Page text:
A happy Pembroke Welsh Corgi sitting on the moors looking directly at the camera patiently waiting for a treato!

Welsh Dog Breeds

8 December 2022

There are some wonderful Welsh dog breeds. They are firm favourites not just in Wales, but expanding to Hollywood and even Buckingham Palace. With all the breeds having previously been used for hunting, herding or pest control, they are all intelligent, energetic and protective.

Pembroke and Cardigan Corgis

Doggy member Grogu, the Pembroke Welsh Corgi sat on the frosty grass on an early morning walk

First up is the Pembroke and Cardigan Corgis. You probably know of the Corgi as they are potentially the most well known of the Welsh breeds. They were a favourite of the Queen and the internet can’t get enough of their cute appearance and quirky personalities.

There are varying stories of how Corgis came to be in Wales but it is believed that Pembroke Corgis came over with Flemish weavers in the 10th century, while Cardigan Corgis arrived with Norse settlers. They even appear in mythology, as legend has it that fairies would use Corgis to pull their carts and ride them into battle.

Doggy member Moose, the Cardigan Welsh Corgi sitting with one ear flopped and the other standing tall on his head!

Originally used to herd cattle, they now make great companions for families as they are sociable, cuddly and playful whilst also being smart and obedient. Despite their small stature, they are known to be great guard dogs with a ‘big dog bark’.

Welsh Springer Spaniel

Doggy members Mr Pip and Joe, the Welsh Springer Spaniels sitting next to one another on a woodland pathway

Next up, we have the Welsh Springer Spaniel. These gundogs are energetic, sociable and smart. They are ideal for owners who lead active lives and can offer plenty of quality time. They thrive on human contact and can become very attached to their owners, but with training from an early age and lots of socialisation, you can avoid them becoming too codependent.

The Welsh Springer Spaniel was incredibly popular in the 18th century but their existence predates this by two centuries. They appear in paintings dating back to the 16th century, sitting at their masters' sides!

Welsh Terrier

Doggy members Rocky and Mabel, the Welsh Terriers both sat looking intently at the camera

The Welsh Terrier is a classic Welsh breed. Originating in Wales, these boisterous dogs are bred to hunt and these hunting tendencies still run deep. They are known to chase small animals whenever they have the chance including squirrels, rabbits and cats.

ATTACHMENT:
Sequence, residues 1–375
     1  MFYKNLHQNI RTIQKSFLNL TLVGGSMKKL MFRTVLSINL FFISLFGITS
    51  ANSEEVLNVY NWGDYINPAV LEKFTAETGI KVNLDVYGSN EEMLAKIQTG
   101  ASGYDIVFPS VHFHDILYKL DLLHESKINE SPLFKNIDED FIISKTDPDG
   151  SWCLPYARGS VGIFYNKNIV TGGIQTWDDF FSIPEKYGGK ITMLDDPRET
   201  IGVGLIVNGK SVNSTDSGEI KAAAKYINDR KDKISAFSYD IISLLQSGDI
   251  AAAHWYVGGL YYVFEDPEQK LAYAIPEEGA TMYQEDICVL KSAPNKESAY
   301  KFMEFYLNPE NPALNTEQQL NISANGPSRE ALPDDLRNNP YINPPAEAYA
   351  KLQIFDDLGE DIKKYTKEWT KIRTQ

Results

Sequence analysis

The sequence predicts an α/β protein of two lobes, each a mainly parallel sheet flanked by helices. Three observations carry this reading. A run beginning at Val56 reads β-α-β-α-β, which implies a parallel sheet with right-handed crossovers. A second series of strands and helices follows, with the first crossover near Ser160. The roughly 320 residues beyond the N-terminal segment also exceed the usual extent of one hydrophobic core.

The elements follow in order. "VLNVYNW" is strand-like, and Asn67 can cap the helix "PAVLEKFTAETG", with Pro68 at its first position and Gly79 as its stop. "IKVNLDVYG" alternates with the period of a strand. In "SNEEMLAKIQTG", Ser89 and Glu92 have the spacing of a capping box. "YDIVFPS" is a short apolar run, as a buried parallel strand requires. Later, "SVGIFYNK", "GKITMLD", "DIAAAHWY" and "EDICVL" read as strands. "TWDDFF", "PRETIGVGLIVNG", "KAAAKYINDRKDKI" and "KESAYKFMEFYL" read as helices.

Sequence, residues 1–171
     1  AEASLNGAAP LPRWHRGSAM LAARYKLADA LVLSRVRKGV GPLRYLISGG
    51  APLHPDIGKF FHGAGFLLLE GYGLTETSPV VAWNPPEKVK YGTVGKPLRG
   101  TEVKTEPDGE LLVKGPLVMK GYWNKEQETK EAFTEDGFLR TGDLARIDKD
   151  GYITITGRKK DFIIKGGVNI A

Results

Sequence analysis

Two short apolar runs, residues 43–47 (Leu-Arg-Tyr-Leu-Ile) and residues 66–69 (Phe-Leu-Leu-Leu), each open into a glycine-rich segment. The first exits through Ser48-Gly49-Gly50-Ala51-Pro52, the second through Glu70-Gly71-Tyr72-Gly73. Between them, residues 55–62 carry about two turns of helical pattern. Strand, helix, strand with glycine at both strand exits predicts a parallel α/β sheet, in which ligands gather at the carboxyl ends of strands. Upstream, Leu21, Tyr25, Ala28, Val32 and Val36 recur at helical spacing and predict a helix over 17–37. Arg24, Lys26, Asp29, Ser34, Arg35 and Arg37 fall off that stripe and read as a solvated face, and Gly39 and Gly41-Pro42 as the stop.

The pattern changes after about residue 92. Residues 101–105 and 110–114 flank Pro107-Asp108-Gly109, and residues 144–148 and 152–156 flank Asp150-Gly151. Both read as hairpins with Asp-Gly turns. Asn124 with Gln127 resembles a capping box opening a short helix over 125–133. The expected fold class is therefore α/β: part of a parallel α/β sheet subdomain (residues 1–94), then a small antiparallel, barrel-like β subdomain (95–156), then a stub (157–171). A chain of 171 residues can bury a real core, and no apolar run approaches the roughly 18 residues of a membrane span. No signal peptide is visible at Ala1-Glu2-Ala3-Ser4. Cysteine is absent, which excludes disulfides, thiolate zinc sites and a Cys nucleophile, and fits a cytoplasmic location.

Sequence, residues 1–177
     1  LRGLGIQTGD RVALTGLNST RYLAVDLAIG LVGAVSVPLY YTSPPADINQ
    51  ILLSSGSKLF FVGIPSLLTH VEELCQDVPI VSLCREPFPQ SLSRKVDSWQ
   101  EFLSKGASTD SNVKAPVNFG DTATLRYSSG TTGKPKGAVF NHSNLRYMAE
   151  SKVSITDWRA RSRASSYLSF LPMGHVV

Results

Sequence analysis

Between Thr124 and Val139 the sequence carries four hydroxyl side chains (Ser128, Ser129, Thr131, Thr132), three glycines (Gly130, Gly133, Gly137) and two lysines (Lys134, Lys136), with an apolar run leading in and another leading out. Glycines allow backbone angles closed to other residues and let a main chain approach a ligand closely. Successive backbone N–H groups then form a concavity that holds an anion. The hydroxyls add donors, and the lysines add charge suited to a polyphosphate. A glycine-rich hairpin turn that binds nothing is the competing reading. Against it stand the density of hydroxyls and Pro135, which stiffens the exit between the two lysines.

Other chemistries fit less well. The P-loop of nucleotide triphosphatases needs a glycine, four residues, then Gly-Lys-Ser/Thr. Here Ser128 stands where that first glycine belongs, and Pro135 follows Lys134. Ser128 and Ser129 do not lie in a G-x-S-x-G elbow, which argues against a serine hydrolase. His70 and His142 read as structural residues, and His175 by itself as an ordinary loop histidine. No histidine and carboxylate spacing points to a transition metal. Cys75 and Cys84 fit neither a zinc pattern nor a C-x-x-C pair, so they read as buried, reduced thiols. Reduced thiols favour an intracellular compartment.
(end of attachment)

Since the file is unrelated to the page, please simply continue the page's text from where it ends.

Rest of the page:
Despite their sometimes boisterous nature, they are also intelligent and friendly with a steady temperament. Just like with the Welsh Springer and so many other breeds, early training and socialisation are key. They make lovely family pets who just want to protect you (but may occasionally dig up your garden).

Sealyham Terrier

Doggy members Rolo and Monty, the Sealyham Terriers at the woodland park in a shady spot with the sun beaming through the trees in the background

On to the rarest breed on this list: the Sealyham Terrier, who are listed as a Vulnerable Native Breed by the Kennel Club.

Developed as the perfect hunting dog in the mid-19th century by Captain John Edwardes of Sealyham House in Pembrokeshire, they were originally used as pest control and would hunt small game like badgers on Captain Edwardes’ estate. They grew in popularity after when Hollywood stars like Elizabeth Taylor, Bette Davis and Alfred Hitchcock owned them.

They are ideal as a family or working dog as they are less demanding than other working breeds. They are highly adaptable and can be content in the countryside or city. They love human company and form deep bonds with their owners but they can also be left alone for small periods of time without becoming restless.

Welsh Sheepdog

Doggy member Erza, the Welsh Collie sitting in the kitchen with her head tilted and her bright blue eyes staring directly at the camera

Finally, we have to talk about the Welsh Sheepdog, also known as the Welsh Collie. The biggest dog on our list who are attempting to make a come back in Wales.

After being in existence in some form for 800 years as droving dogs, they have slowly been replaced by Border Collies. Recently there has been an attempt by the Welsh Sheepdog Society to ‘conserve and protect the traditional breed of indigenous Welsh Sheepdog’.

They are highly independent and energetic which requires an assertive owner and lots of exercise. Equally, they are incredibly loyal and affectionate and like to have a home with an owner who is home most of the time and can give them plenty of affection and exercise throughout the day. They are taller, broader and stronger than the standard Border Collie and are less sensitive which means they often don’t require as strict a routine.

Breed Guides

Crossbreed Dog Breeds

Irish Dog Breeds

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Rare Dog Breeds

Royal Dog Breeds

Scottish Dog Breeds

Welsh Dog Breeds

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